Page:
29. Wagner ED. The role of patient care teams in chronic disease management. Br Med J. 2000;320:567–572.

30. Institute of Medicine. Committee on Health Literacy. Board on Neuroscience and Behavioral Health . Health Literacy: A Prescription to End Confusion. The National Academies Press; Washington, DC: 2004.

31. US Department of Health and Human Services Office of Disease Prevention and Health Promotion (ODPHP) Improved healthfinder.gov makes health information quicker and easier to use: DHHS. 2008. [September 22, 2008]. http://www.hhs.gov/ophs/news/20080922.html.

32. Parsons T. The Social System. Free Press; Glencoe, IL: 1951.

33. Bayliss EA. Supporting self-management for patients with complex medical needs: recommendations of a working group. Chron Illn. 2007;3(2):167–175.[PubMed]

34. Sevick MA, Trauth JM, Ling BS, et al. Patients with complex chronic diseases: perspectives on supporting self-management. J Gen Intern Med. 2007;22(suppl 3):438–444.[PMC free article][PubMed]

35. Destache CJ, Dewan N, O'Donohue WJ, Campbell JC, Angelillo VA. Clinical and economic considerations in the treatment of acute exacerbation of chronic bronchitis. J Antimicrob Chemother. 1999;43(suppl A):107–113.[PubMed]

36. Seneff MG, Wagner DP, Wagner JE, Zimmerman JE, Knaus WA. Hospital and 1-year survival of patients admitted to intensive care units with acute exacerbation of chronic obstructive pulmonary disease. JAMA. 1995;274(23):1852–1857.[PubMed]

37. Weiss M, Piacentine LB, Lokken A, et al. Perceived readiness of hospital discharge in adult medical-surgical patients. Clin Nurse Spec. 2007;21(3):31–42.[PubMed]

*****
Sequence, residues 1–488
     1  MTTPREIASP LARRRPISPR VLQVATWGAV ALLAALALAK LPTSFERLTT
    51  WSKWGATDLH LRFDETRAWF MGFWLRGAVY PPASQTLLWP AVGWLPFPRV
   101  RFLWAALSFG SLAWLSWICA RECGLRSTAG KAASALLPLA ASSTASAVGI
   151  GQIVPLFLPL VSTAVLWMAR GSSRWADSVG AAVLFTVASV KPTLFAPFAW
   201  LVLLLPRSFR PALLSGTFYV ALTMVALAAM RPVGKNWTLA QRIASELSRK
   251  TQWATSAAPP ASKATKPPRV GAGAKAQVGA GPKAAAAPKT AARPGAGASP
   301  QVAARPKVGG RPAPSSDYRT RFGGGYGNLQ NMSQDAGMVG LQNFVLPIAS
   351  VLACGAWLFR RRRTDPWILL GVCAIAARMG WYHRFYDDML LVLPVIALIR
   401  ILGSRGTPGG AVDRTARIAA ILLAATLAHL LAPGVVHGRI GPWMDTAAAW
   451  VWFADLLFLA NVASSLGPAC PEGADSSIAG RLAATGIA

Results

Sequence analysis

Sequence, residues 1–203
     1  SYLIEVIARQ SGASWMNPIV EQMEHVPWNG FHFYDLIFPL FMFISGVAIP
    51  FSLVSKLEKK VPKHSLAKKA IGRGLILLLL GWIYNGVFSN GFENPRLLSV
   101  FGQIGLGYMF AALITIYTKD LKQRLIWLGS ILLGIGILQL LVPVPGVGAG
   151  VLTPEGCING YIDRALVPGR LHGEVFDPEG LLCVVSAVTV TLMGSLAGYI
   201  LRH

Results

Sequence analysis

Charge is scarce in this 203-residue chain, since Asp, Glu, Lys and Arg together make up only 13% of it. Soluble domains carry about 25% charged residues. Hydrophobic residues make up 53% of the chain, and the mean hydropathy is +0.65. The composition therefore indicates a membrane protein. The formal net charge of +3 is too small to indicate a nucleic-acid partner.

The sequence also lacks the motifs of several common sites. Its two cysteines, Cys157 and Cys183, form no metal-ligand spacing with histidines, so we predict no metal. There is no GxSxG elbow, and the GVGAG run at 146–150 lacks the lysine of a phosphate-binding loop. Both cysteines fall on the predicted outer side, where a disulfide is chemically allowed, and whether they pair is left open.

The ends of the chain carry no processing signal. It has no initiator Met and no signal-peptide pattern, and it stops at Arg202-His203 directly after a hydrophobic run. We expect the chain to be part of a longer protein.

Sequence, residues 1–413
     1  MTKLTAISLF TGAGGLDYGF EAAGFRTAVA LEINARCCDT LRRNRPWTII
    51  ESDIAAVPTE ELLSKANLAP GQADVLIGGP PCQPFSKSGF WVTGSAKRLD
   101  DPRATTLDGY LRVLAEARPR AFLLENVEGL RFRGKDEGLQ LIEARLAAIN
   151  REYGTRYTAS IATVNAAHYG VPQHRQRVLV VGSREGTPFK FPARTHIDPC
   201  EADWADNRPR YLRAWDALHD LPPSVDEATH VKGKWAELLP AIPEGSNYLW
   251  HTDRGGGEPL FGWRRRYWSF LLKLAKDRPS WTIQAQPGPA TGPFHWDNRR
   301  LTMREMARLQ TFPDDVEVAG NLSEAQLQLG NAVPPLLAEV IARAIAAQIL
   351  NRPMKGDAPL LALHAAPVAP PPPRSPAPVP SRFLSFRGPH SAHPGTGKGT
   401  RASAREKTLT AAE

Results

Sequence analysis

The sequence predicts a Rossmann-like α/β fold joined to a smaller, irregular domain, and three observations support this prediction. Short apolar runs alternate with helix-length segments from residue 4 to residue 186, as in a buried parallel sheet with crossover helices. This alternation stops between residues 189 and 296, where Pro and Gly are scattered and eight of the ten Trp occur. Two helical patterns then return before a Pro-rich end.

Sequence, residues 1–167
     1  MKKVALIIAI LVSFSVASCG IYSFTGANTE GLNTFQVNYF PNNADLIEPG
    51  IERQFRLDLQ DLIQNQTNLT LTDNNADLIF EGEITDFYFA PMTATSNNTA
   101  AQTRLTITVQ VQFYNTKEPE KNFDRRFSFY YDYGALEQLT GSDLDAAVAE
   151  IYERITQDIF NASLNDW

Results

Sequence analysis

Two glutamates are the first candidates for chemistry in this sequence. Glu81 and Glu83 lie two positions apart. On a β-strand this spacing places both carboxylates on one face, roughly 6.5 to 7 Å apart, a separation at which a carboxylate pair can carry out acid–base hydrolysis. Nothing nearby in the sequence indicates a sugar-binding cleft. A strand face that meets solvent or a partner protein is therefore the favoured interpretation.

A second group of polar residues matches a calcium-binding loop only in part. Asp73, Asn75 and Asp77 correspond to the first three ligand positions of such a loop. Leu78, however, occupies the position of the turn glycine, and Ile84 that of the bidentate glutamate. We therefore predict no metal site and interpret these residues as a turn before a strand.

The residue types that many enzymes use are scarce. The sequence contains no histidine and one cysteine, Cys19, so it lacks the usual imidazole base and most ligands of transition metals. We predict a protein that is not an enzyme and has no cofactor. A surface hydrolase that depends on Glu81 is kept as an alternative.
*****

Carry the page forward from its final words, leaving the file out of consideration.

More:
38. Weiss M, Ryan P, Lokken A, Nelson E. Length of stay after vaginal birth: socio-demographics and readiness-for-discharge. Birth. 2004;31(2):93–101.[PubMed]

39. Prochaska JO. Multiple health behavior research represents the future of preventive medicine. Prev Med. 2008;46:281–285.[PubMed]

40. Tessaro IA, Taylor S, Belton L, et al. Adapting a natural (lay) helpers model of change for worksite health promotion for women. Health Educ Res. 2008;15(5):603–614.[PubMed]

41. Gordon C. Live Well Live Long: Health Promotion and Disease Prevention for Older Adults. American Society on Aging; Cal State, LA: 2006. American Society on Aging, Edward R. Roybal, Institute for Applied Gerontology.

42. Chen LS, Kowok OM, Goodson P. US health educators’ likelihood of adopting genomic competencies into health promotion. Am J Public Health. 2008;98(9):1651–1657.[PMC free article][PubMed]